- Floaters (often red or dark)
- Light flashes
- Blurred vision
- Loss of vision.
Retinal hemorrhage is associated with bleeding in the vitreous humor (the gel between the retina and the lens). A vitreous hemorrhage will often obstruct an infant or baby's vision. If the vitreous hemorrhage is severe, a shaken baby may take several months or more to regain vision, since his or her body will need longer to reabsorb the blood. In the case of repeated or extensive bleeding, scarring can occur on the retina, at times leading to retinal detachment (the peeling away of the retina from the layer of support tissue beneath it) and, as a result, permanent loss of vision or even blindness. Especially in infants and babies younger than 2-years-old, more severe cases of vitreous hemorrhage may result in myopic shift (causing near-sightedness) and/or amblyopia ("lazy eye" characterized by poor vision or abnormal proportions).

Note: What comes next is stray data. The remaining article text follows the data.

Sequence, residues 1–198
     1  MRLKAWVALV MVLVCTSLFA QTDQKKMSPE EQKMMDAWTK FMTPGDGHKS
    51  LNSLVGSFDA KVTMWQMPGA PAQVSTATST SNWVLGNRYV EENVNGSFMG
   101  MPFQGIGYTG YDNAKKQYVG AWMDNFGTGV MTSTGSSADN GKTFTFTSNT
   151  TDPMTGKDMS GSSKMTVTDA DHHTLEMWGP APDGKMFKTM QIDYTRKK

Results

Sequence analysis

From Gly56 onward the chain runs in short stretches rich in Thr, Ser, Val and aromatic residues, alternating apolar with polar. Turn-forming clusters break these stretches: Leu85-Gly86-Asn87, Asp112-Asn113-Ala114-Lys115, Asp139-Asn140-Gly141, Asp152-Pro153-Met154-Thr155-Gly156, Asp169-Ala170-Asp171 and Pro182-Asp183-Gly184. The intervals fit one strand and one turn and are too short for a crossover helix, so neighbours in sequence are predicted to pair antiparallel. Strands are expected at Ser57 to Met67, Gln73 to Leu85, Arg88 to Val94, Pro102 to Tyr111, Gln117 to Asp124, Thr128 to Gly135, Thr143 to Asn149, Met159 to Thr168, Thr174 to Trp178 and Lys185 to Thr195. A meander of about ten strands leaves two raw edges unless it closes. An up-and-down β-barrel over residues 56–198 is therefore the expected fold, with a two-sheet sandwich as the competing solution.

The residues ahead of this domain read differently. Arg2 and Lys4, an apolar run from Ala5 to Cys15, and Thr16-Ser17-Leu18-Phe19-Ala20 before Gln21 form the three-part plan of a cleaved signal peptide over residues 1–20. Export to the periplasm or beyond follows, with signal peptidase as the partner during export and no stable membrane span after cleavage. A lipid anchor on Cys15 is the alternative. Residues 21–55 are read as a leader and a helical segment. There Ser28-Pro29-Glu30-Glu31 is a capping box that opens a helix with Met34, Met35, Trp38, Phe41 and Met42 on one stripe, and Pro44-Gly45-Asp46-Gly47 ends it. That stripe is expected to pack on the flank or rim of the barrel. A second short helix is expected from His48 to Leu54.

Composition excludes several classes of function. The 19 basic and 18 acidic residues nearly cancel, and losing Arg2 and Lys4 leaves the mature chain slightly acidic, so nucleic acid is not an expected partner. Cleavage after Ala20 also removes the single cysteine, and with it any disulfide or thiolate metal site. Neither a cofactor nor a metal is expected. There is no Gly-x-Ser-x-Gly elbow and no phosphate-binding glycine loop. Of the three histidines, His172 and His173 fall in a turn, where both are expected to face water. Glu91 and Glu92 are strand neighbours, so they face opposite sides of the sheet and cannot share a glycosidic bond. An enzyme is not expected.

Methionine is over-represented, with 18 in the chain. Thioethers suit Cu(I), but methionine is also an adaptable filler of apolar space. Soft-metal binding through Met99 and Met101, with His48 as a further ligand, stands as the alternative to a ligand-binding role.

Retinal hemorrhaging is one of many common effects of shaken baby syndrome on a baby's eyes or other parts of the body. For more information on abusive head trauma, important resources, and free answers to questions concerning your unique situation, contact shaken baby syndrome attorney Chris Keane. As an advocate for shaken baby syndrome victims, he will help you find the best medical care for your child and consult with you for free with compassion and professionalism.
Click here to contact Chris Keane online or call 1-888-592-KIDS.